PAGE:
Joy Imai: Lifelong potter focuses on soda pottery at her Allied Arts Guild studio
For the past 25 years, visitors to the Allied Arts Guild have been treated to the pottery of Joy Imai. But, as she recounts, the kind of pottery has varied.
“I’ve done four different types,” she explained to visitors at her combination studio/gallery. “But since 2002, my focus has been on soda pottery.”
Working with her hands has been important to Joy ever since she was growing up in Hawaii: “My mom, my aunties, and all my cousins, they all made things. You can say I was brought up with the notion of making things.”
In addition to non-soda pottery, she’s done Raku pottery, a type of Japanese pottery that is characterized by hand-molded rather than turned clay, and Mailoica, Italian-style, tin-glazed pottery decorated with bright colors on a white background.
“Because I haven’t done the same body of work since I began, I do have people who are interested in my pieces from different periods,” she said.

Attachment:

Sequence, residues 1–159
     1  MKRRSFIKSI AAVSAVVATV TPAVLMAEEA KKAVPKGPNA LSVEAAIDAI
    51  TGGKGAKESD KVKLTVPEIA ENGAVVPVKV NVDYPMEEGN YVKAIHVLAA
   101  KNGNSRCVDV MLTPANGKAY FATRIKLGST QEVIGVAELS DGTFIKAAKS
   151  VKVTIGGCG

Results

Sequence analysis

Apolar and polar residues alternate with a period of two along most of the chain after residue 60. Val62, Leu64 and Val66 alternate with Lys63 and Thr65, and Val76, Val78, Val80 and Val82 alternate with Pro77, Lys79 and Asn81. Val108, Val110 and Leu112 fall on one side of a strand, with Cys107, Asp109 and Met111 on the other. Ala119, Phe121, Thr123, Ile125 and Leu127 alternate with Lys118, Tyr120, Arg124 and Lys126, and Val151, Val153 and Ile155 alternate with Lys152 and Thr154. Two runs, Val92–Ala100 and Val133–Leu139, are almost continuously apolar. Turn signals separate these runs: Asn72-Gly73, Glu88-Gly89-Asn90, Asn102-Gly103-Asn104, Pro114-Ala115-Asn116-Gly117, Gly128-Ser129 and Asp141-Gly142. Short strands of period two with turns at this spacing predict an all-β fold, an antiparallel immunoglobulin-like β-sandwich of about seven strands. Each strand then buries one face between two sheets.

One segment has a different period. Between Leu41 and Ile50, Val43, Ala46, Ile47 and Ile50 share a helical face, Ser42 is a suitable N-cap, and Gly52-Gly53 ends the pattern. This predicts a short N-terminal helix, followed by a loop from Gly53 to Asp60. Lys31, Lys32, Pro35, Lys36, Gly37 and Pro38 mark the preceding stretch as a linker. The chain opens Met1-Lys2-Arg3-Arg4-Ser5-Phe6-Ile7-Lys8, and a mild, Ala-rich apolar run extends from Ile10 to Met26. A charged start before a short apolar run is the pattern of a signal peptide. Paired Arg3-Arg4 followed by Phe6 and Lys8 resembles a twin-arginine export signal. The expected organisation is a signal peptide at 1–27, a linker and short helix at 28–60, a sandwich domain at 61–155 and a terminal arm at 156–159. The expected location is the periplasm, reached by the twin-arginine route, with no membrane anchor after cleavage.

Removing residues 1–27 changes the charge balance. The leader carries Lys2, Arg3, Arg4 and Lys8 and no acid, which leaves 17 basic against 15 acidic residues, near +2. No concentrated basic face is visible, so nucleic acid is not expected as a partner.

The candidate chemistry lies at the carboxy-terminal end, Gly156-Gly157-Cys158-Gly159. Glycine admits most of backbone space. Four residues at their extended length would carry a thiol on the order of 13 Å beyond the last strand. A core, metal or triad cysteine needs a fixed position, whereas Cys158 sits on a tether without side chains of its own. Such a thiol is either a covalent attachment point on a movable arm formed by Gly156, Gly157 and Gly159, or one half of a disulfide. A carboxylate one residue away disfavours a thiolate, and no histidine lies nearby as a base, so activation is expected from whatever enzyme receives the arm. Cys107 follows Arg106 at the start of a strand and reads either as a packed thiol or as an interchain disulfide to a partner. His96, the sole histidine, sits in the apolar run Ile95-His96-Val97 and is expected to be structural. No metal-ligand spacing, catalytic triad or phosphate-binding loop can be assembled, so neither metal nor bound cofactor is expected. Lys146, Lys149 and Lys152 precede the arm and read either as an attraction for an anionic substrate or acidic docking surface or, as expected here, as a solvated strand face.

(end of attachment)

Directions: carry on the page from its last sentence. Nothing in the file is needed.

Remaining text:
When we visited, Joy was working on bamboo holders and said she enjoys all aspects of making pottery: “I like using my hands and working the wheel. Most of the times I’m wearing some of what I’m making. I even like working with fire, although I’m not always comfortable with it because I’m firing at white heat.”
Much of Joy’s work is square rather than round. “Mostly what I’ve been doing is altering,” she said. “Everything on the wheel is round and I’ve been squaring. Maybe 2012 is when I go back to round. It’s been almost a decade that I’ve been squaring and faceting, and I kind of miss round things.”
Joy’s studio is located toward the rear of the Allied Arts Guild near the Wood Barn.
Photos by Scott R. Kline